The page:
The Cast: Morning (it happens everyday), Traditions (repeat offenders).
Have you ever eaten something that just sent you?
You know those foods that just make everything grand? I think we’ve all had those circumstances where the food was good, not just because it was actually good (or maybe it wasn’t at all), but because the situation made the food good? Like the time of day? The company you’re in? The location? Ya’ know what I mean? Those moments in life when you look back and think, “Man, that sure was good. I wanna have (insert name of that food here) again.” Then, when you do, it’s not as good—for whatever reason. It’s kinda sad, but I think that’s just part of living.
One of my favorite lines (in anything) is from the 1982 animated film The Last Unicorn. In the film, there is a scene where the skeleton is being bartered with, and he wants wine. It is correctly pointed out that he cannot taste it—since he’s dead. He agrees, and states, “But, I remember.” I think that is the nature of some things, we are not meant to get to experience it over and over, but, we are meant to remember. I bring this up because a few weeks ago I remembered.
I was shopping at the grocery store when I came across a package of danishes. Inside the clear plastic container were a variety of flavors, one of which was the typical (well, I think typical anyway) cheese danish—Yum. Now, I am not much of a fan of cream cheese. I love it when it’s strawberry cream cheese and spread on a blueberry bagel. Or, if it’s made into a cheese cake… Super yummy! Anyway, usually I don’t like it. No, anyway, the cheese danish got me to thinking, which got me to remembering about some simple traditions at the Boy Scout summer camp my wife and I used to work at in—duh—the summer, Thunder Ridge Scout Camp.
The Scouts would arrive Monday mornings and stay until Saturday mornings. And, over the years we (the camp staff and management) found ways to make things more fun and add little bits of joy for the Scouts. One of which was the Otter Pops. Otter Pop Mondays were fantastically messy—and one of the worst things we ever did. Trying to freeze hundreds of Otter Pops every week could be exhausting. And, if you didn’t get them into the freezer with enough time to freeze, they wouldn’t. Then, we had to haul hundreds of them what felt like a mile, but was really more like 1/16th of one, to where the Scouts would arrive for check-in, all so we could provide the Scouts with a nice, cool treat. Many of the Scouts would arrive from Las Vegas—or parts of Arizona—and so, the cold Otter Pops were a welcomed refreshment.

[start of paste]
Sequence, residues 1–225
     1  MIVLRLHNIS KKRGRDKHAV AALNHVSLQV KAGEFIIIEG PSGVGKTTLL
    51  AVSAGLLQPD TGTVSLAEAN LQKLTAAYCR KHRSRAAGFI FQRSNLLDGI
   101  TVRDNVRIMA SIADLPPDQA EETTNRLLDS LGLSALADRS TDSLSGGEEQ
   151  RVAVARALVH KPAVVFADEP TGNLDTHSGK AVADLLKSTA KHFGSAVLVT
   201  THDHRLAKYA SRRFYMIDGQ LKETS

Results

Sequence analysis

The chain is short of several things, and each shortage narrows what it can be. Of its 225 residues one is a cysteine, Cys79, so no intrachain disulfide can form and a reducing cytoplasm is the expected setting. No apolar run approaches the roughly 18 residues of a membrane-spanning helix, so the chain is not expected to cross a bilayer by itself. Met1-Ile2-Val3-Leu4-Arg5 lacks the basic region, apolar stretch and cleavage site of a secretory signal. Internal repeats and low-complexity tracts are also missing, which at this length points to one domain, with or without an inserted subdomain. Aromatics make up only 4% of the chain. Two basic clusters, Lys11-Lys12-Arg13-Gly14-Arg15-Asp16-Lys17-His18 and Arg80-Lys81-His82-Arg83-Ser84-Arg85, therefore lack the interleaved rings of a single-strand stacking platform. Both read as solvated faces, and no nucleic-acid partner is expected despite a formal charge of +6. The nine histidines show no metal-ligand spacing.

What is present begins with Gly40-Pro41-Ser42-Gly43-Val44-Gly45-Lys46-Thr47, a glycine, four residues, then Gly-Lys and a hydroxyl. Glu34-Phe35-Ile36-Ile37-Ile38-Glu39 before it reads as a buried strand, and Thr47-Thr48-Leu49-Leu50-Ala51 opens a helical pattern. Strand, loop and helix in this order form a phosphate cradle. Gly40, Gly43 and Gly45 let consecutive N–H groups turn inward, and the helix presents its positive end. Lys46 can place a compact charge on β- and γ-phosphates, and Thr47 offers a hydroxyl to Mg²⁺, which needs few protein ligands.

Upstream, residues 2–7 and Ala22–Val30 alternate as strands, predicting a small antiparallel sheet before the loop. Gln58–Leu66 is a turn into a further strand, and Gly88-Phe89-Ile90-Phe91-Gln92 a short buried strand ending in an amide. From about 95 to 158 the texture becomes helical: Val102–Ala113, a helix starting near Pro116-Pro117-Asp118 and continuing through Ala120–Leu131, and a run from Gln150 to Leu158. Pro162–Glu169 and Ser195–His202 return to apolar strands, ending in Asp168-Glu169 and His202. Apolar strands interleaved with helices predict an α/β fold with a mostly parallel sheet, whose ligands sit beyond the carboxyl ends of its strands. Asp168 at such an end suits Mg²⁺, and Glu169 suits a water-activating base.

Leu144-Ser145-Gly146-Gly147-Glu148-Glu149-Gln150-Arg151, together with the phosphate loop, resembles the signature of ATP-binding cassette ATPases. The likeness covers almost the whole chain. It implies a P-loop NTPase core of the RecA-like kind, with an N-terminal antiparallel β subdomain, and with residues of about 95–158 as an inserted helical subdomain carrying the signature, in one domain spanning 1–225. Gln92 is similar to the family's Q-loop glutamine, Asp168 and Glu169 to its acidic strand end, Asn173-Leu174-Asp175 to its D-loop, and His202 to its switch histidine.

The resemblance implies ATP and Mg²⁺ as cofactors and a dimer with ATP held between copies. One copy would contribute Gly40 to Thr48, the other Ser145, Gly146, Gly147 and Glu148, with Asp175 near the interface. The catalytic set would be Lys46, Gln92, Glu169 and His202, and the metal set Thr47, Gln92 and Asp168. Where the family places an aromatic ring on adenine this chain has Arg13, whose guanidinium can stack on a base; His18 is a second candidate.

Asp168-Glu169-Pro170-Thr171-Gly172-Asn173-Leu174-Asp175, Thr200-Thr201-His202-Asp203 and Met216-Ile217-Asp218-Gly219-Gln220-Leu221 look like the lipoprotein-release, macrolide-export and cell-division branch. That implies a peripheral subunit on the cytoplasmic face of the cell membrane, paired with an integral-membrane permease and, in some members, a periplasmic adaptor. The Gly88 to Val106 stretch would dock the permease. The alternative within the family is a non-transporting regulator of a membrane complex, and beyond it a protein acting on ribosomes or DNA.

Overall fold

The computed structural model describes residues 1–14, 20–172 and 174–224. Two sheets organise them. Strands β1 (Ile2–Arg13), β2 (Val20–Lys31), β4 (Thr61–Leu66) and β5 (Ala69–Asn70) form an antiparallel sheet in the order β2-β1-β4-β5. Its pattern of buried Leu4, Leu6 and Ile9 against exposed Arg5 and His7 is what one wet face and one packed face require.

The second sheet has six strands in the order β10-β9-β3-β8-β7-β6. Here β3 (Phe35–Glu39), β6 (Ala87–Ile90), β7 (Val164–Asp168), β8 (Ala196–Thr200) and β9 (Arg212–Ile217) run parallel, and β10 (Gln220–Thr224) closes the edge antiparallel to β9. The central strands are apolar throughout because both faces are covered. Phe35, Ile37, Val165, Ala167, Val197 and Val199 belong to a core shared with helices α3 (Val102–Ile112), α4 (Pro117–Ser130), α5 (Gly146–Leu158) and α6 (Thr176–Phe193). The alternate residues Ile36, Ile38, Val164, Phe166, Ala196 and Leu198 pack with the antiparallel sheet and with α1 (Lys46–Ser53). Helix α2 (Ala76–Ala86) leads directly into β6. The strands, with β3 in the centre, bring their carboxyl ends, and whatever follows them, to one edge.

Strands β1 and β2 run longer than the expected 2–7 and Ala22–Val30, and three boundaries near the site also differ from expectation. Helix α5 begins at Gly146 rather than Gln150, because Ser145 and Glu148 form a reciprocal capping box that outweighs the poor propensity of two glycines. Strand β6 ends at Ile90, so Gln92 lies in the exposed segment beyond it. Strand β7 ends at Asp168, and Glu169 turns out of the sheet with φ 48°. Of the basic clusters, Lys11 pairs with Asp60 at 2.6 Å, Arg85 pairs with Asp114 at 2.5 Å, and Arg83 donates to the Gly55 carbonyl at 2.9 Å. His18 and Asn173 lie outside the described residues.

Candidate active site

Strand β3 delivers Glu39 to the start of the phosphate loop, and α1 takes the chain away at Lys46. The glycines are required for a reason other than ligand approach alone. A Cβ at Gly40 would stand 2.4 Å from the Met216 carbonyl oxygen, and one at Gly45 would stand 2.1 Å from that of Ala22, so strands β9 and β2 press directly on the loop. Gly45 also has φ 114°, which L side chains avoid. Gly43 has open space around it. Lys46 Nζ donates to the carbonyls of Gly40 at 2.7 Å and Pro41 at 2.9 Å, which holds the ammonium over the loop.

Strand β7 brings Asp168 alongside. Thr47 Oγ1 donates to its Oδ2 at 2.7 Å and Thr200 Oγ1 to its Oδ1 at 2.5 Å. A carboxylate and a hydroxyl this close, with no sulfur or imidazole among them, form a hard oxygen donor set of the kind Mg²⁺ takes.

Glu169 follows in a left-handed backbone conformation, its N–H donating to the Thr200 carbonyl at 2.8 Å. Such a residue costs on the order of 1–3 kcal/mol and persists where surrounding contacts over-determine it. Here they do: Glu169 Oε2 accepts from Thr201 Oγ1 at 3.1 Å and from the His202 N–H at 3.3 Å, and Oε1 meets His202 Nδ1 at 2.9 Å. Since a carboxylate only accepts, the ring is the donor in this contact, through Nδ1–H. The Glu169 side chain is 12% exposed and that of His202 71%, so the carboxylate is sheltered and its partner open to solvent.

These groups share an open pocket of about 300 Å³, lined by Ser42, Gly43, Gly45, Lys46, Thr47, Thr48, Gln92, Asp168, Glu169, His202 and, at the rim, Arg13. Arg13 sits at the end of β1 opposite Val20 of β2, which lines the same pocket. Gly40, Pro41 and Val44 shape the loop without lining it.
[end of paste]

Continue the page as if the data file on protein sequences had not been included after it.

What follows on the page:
Sadly, the plastic wrappers wouldn’t always make it into readily available trash can. That’s when the staff would be provided the pleasure of picking them up (hur-ray). However, there was this one glorious moment… Oh, man…
I had a junior staff member who walked up to a newly arrived truck while he carried a handful of Otter Pops—fanned out in a chilly and colorful peacock-like tail manner—ready to deliver the goods. A window rolled down, a bunch of fourteen-year-olds stuck their heads out all wanting to take part in the repairment. One boy asked, with a large smile plastered upon his face, “What flavors do you have?”
My staff member responded, looking the boy right in the eyes, “What do you mean what flavors? Look at the colors. There’s red, blue, green, orange, purple, and pink. Just pick a color.”
“What flavors do you have?” The boy challenged, not blinking, smile intact.
“I just told you. There’s green, blue, pink, purple, red, orange… Just pick a color.”
“I’m blind. What flavors do you have?”
Oh, that was funny! The boy, when he had put his head out the window just happen to appear to be looking my staff member in the eyes. The young man actually was blind. The face-to-face alignment, as he popped his head out the window was just by chance.